• Performance – analytics and telemetric cookies used by either 1st or 3rd parties, such as Google and Adobe Analytics. 
  • Targeting – cookies used by either 1st or 3rd parties to track individuals to help with advertising, such as remarketing. 
  • Social – usually set by Social Media platforms when users view or use embedded media on your website. 

Hypothetically, handing finite control to users and clearly highlighting and defining what cookies and their purpose, could see an increase in the opt-out rate of performance cookies and thus a degradation in website analytics.  

 

Implementing cookie consent and maintaining a high yield in analytics 

It is possible to be compliant whilst maintaining a high level of analytic performance. The approach being two-fold: - 

  • Implementation  

Most cookie consent solutions are capable of screening which cookies are to be deployed to the browser by ‘blocking’ all cookies that are not classified as necessary and then blocking further cookies in line with the user’s consent. 

This is a perfectly diligent approach but leaves finite control to the solution. Our approach is to integrate the cookie consent management within the Tag management. The benefits being: 

  1. more flexibility on the solution roll-out, and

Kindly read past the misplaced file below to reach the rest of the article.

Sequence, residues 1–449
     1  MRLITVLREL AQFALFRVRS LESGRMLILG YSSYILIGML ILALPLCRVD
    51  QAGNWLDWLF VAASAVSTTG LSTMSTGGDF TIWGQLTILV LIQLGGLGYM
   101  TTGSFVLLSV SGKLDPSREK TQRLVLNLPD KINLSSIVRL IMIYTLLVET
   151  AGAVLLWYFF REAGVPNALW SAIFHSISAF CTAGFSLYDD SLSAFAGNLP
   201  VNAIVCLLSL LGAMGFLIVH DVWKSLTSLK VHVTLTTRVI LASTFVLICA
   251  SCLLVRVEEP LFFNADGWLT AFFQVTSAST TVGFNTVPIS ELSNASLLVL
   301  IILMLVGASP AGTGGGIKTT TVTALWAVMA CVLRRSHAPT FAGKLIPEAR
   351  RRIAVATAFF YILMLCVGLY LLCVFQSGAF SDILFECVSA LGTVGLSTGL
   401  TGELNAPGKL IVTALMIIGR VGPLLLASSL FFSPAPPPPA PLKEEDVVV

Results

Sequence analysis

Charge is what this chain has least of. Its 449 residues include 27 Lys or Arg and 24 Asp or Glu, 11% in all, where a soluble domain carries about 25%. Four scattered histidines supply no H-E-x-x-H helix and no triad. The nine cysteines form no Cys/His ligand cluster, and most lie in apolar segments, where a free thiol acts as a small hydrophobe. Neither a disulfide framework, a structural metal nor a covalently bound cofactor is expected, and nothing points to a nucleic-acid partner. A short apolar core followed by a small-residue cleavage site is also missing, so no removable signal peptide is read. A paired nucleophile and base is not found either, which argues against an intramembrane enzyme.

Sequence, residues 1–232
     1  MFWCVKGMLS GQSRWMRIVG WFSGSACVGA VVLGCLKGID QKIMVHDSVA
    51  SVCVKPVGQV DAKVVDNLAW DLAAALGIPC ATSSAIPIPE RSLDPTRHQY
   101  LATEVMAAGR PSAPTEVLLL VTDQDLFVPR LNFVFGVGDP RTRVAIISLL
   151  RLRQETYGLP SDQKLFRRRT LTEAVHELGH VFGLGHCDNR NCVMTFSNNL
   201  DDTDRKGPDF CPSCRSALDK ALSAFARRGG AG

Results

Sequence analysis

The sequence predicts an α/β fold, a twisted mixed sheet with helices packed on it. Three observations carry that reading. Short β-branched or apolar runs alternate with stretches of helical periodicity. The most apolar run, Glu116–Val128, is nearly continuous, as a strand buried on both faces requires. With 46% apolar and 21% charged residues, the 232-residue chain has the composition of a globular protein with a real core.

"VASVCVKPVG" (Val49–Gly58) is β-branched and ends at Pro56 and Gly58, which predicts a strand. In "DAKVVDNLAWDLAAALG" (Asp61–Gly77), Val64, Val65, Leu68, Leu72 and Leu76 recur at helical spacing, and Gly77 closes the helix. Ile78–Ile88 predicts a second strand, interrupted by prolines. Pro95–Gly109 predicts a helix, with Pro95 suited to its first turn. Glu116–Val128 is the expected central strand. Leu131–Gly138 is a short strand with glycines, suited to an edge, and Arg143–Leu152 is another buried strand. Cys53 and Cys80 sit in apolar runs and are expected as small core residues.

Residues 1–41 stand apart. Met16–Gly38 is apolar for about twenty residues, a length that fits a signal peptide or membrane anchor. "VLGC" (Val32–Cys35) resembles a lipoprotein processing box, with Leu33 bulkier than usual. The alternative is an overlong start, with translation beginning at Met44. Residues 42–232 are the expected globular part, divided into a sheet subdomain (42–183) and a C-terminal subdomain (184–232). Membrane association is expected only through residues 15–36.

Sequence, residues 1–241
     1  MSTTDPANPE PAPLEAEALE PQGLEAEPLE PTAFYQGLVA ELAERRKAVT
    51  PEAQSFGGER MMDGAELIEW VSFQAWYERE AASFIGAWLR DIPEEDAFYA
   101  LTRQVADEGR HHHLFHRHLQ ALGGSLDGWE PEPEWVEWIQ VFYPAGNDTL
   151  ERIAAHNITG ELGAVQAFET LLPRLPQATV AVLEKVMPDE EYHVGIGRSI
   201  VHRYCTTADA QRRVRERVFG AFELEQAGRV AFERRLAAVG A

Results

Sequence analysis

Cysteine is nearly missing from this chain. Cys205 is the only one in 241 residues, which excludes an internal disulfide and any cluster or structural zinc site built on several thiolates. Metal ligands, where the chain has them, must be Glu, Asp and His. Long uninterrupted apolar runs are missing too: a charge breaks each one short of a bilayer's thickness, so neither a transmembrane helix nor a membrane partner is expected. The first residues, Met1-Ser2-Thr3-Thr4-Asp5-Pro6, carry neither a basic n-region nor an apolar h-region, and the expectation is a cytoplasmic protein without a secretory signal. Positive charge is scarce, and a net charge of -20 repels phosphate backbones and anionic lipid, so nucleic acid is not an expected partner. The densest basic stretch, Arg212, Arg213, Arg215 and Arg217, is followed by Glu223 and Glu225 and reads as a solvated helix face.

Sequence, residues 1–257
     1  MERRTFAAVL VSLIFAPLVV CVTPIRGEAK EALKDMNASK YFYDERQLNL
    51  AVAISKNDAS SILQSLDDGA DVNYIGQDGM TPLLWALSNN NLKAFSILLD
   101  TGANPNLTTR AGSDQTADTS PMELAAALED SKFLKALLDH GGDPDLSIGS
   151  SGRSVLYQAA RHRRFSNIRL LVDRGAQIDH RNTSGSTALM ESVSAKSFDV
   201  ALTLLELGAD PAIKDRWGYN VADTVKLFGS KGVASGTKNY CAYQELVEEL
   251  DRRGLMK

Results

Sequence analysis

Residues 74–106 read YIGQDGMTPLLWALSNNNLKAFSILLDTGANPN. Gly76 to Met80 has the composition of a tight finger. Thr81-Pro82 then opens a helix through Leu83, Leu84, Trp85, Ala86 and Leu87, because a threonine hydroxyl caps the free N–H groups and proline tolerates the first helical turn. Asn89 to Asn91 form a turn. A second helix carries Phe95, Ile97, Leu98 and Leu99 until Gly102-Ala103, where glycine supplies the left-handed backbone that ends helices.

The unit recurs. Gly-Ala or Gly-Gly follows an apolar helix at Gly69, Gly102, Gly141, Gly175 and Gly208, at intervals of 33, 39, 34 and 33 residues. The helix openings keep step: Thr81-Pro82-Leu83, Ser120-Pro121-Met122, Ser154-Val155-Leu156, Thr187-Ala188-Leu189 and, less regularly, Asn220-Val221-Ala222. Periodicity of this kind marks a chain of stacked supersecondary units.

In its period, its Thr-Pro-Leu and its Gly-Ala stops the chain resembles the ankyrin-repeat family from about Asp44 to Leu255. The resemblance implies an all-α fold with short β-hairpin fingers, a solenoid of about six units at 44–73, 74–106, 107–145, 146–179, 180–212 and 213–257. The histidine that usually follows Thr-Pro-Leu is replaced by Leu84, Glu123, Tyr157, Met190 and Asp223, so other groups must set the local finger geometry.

2. finite control, on a tag-by-tag basis, of all your MarTech cookies 

By using exception triggers, which interrogate the users consent preferences, and determines whether a tag may fire or not, it is possible to ensure that your site is 100% compliant and that all tags are reviewed and correctly classified. 

  • Feature rich solutioning 

Use a cookie consent solution with the following features: - 

  1. Consent analytics – the ability to record new visitor consent type and purpose to understand the opt-in rates across the classifications. 
  2. Fully customisable – the ability to ‘skin’ the solution to brand and to be able to fully customise the options available to users, including descriptions, button sets and layout. 
  3. Consent Rate Optimisation – use the consent analytics and customisation capabilities to execute a/b tests to maximise the consent rate. 

Furthermore, feature rich cookie consent solutions offer the ability to manage a user’s preferences across devices, browsers, and domains. The more personalisation, transparency and choice offered in your cookie consent user experience, the greater the potential for high opt-in rates across all cookie classifications. 

 

Consent vs Analytics – what outcome can you expect? 

In short, very positive, provided you get your configuration right. 

We have experienced that by using a fully featured vendor-based cookie consent solution cookie opt-in rates of between 90% to 95% across all classifications, with optimised configuration with Google Tag Manager. This without having to resort to a/b testing and rounds of customisation. 

We also witness high take up rates across mobile devices and a wide range of devices and browsers, despite industry rumours of user contempt for cookies. 

 

What are the common consent vs analytics mistakes?